Dominant Language Constellations A New Perspective on Multilingualism (2020) Editors: Lo Bianco, Joseph, Aronin, Larissa (Eds.)

Introduces the concept of Dominant Language Constellations Offers an additional and novel perspective on the use of languages in a multilingual world Suggests ways of dealing with real-life multilingual situations across the world in educational and social contexts Links Dominant Language Constellations to timely issues in multilingualism, sociolinguistics, sociology of language and applied linguistics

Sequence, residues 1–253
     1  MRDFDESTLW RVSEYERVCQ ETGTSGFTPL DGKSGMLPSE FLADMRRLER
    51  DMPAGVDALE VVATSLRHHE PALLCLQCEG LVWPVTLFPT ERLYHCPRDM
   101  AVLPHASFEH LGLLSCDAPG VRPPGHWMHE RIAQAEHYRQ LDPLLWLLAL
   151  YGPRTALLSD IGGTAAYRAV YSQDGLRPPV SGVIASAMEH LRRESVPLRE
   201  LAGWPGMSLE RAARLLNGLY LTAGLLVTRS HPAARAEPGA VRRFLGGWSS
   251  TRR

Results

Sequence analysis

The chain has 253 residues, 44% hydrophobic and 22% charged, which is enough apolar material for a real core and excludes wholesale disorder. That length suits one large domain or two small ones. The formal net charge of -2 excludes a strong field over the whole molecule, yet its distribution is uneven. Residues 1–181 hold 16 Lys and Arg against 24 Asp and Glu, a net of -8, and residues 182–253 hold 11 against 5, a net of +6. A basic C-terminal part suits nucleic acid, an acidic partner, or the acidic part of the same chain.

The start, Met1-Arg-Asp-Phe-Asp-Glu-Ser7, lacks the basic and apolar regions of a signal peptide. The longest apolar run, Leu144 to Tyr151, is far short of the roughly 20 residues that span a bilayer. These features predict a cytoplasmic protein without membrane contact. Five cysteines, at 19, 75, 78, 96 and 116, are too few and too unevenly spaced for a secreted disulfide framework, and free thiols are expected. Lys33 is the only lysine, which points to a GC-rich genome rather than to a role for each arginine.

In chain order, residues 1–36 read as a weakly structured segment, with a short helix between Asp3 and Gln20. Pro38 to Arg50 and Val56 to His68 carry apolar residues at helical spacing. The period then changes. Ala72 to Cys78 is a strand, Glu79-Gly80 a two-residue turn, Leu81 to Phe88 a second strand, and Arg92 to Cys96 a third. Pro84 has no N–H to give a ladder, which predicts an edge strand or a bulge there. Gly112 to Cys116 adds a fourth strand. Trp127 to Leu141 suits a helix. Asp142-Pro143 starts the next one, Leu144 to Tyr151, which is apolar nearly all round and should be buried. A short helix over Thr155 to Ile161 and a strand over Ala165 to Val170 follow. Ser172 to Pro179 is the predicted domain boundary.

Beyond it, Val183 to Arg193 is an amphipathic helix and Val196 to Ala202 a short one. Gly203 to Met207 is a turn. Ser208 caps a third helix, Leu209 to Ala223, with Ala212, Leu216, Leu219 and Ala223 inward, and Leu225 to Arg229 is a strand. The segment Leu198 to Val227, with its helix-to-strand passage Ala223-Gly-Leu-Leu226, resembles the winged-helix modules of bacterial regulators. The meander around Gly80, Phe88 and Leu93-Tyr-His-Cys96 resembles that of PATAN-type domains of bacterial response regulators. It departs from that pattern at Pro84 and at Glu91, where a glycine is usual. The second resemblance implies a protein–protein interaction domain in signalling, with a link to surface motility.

This volume is dedicated to the concept and several applications of Dominant Language Constellations (DLC), by which it advances understanding of current multilingualism through addition of a novel perspective from which to view contemporary language use and acquisition. The term Dominant Language Constellation denotes the set of a person’s or group's most expedient languages, functioning as an entire unit and enabling an individual or group to meet their needs in a multilingual environment. The volume presents pioneering contributions that employ DLC as the lens for analysing a wide array of issues. These include multilingual syntactic development, cross-linguistic interaction and multilingual production in formal and informal educational contexts, as well as linguistic profiles of multilingual groups used in elementary school and higher education. Other DLC issues include discussions of how identity, emotions and attitudes operate in various minority and majority contexts. Because the DLC concept does not assume any inherent hierarchy of languages it can serve as a framework public policy in multilingual countries/communities faced with challenging policy determinations regarding choice of languages for use in education settings and more widely in social institutions and the economy. Some chapters develop and extend the DLC concept, others adapt and apply it to a variety of contexts, both global and local. Many chapters feature educational and social settings across large parts of the world– Africa, Australia, Europe, North America (Canada and the USA) and Southeast Asia. The volume can serve as supplementary reading for courses on multilingualism, sociolinguistics, language policy and planning, educational linguistics, Second and Third Language Acquisition.